Animation Powerhouses Discuss Pandemic and Personal Inspiration During Variety’s FYC Virtual Event

Earlier this evening, as part of Variety’s FYC Fest, I was fortunate enough to sit in on a virtual panel featuring some of the creative forces behind this year’s major projects from the world of animation. The panel included:

  • Glen Keane – Director, Over The Moon
  • Gennie Rim – Producer, Over The Moon
  • Tom Moore – Director, Wolfwalkers
  • Nora Twomey – Producer, Wolfwalkers
  • Joel Crawford – Director, The Croods: A New Age
  • Mark Swift – Producer, The Croods: A New Age
  • Pete Docter – Director, Soul
  • Dana Murray – Producer, Soul
  • Dan Scanlon – Director, Onward
  • Kori Rae – Producer, Onward

With a panel of this size and caliber, they weren’t able to address a slew of topics, but rather a few topics where everyone involved was able to speak about what was being discussed. One of the main focuses of the panel was what it was like to have a film that was to be released amidst the pandemic. Notably, Onward was released a mere two weeks before shelter-in-place orders were issued around the country and theaters closed. Director Dan Scanlon said “Obviously everyone was so worried about what was happening that the movie was kind of the last thing on our mind at the time, and over time as people started to get a grasp that ‘we’re gonna be here a while’ the idea of putting the film out digitally on Disney+ felt like a good thing, something that maybe we can do to help families who were at home, and I think a lot of people got to see it, people who maybe weren’t planning on seeing it.”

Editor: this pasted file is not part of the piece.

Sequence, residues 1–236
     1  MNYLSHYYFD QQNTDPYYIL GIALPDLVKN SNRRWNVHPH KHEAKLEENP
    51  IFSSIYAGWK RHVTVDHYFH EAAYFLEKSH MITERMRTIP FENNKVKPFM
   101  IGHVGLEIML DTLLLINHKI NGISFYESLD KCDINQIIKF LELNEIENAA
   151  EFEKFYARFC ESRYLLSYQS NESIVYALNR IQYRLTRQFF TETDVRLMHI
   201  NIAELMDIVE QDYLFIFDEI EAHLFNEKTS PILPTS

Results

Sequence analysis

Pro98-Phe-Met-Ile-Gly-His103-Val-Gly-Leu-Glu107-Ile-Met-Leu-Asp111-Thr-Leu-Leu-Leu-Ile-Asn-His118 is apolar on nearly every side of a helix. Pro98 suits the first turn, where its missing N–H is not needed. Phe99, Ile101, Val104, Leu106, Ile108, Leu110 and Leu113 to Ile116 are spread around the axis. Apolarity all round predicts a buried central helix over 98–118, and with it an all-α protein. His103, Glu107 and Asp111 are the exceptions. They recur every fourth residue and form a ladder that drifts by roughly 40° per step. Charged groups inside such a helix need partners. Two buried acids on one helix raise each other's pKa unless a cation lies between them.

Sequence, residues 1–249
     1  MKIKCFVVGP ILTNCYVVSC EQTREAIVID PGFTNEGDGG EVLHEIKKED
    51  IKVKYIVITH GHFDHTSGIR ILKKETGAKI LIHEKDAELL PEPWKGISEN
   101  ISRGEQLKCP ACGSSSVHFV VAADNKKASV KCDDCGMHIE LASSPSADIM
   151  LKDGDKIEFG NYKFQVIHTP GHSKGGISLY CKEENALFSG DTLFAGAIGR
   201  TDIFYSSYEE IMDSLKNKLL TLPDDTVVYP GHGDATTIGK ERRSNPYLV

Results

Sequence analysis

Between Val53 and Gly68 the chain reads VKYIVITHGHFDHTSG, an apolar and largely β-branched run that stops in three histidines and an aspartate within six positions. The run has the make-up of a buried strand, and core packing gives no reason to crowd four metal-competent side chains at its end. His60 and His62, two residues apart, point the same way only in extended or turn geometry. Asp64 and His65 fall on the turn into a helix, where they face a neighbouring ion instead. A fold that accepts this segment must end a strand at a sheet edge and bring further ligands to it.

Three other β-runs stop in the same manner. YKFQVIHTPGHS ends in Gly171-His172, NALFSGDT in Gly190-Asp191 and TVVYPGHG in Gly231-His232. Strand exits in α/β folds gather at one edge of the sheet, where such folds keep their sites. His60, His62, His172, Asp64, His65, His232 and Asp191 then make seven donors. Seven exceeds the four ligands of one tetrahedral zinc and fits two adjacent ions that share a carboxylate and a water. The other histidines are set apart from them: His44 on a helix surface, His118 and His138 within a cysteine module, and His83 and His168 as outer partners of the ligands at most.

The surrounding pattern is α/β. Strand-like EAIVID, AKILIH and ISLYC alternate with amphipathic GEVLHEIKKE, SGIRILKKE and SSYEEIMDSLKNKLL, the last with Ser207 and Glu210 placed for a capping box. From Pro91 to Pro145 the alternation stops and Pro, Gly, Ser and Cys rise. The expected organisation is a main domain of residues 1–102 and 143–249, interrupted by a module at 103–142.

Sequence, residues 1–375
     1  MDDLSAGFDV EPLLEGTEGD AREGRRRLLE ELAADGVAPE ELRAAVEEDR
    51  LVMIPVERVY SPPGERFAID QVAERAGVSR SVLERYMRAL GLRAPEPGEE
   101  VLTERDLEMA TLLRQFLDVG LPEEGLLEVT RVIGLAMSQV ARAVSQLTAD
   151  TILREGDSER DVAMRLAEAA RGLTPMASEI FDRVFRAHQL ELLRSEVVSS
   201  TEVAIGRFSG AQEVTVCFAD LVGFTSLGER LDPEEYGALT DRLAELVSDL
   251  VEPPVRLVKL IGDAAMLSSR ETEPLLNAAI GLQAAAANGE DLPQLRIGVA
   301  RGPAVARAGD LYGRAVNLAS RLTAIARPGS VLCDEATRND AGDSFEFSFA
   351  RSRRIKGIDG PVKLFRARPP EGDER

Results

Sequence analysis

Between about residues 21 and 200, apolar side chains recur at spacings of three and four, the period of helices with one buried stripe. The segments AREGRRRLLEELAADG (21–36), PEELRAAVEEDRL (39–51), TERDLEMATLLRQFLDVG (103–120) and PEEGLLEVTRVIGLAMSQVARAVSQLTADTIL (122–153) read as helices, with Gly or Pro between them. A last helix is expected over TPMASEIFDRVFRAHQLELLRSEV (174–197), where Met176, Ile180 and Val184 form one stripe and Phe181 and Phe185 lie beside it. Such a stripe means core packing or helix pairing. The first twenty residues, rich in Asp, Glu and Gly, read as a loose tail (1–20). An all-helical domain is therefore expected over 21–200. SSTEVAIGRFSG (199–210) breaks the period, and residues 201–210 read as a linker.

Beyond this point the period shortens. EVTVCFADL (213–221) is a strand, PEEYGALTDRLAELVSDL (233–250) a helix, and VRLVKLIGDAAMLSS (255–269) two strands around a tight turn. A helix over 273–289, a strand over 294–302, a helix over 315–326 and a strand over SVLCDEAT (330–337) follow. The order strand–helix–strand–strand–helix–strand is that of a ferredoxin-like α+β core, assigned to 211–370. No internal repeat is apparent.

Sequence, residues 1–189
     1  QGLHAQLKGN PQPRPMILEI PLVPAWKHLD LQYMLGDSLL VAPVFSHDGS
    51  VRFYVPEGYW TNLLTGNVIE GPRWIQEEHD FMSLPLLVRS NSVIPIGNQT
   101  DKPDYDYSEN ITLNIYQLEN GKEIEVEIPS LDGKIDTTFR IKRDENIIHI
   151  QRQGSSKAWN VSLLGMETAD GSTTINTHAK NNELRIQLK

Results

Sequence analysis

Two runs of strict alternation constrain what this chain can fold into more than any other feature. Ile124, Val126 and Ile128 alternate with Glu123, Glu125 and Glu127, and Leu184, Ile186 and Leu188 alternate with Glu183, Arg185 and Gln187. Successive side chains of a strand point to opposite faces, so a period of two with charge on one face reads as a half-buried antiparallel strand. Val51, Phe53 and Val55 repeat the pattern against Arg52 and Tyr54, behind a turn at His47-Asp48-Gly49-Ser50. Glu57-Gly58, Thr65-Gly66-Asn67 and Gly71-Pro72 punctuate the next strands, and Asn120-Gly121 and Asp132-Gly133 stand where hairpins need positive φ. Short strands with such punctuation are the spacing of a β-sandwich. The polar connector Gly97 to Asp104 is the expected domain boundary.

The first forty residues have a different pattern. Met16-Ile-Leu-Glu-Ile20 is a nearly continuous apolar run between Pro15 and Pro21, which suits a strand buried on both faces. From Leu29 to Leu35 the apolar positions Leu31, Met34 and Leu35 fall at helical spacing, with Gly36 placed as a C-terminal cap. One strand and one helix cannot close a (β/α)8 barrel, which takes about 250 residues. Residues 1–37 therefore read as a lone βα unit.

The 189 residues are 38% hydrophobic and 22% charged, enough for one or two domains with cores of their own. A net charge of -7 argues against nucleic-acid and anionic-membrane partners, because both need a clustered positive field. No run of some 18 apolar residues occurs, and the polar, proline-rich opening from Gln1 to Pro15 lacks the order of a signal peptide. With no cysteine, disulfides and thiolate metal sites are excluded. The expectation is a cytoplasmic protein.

The Croods: A New Age was released in Drive-In theaters over Thanksgiving, and director Joel Crawford said he was grateful that audiences in some way were able to have the shared experience of laughing together and experiencing emotions together but producer Mark Swift said the biggest and strangest experience for him was not being able to have a screening for the entire crew together to celebrate the completion of the film. Wolfwalkers Director Tom Moore echoed the sentiment, while the film’s producer Nora Twomey enjoyed that the film was screened at festivals around the world and appreciated that feedback, as internet feedback might “be a bit skewed.”

Glen Keane said that it was just really wonderful that he got to see his film Over The Moon finished and released. The film, now on Netflix, was hopeful for a theatrical release as well as distribution on the streamer. There were four weeks left of animation before the film was complete as stay-at-home orders were issued. After 10 days of getting systems running, animators were able to finish from their homes.

Dana Murray and Pete Docter said the same of Soul, which had an original theatrical release date in June, and it too was seven weeks away from completion when stay-at-home orders were put into place. Another release date was set for November, before ultimately getting sent directly to Disney+ for a debut on Christmas Day, December 25th.

Pete Docter said of the whole work from home process, “We’re pretty lucky being animators, so many of our fellow folks in live-action just got shut down entirely, and of course we’re all loner hermits anyway so working from home is kind of normal in a way for a lot of us, but we’re so thankful we have this amazing systems crew who was able to set everything up and make things work relatively smoothly.”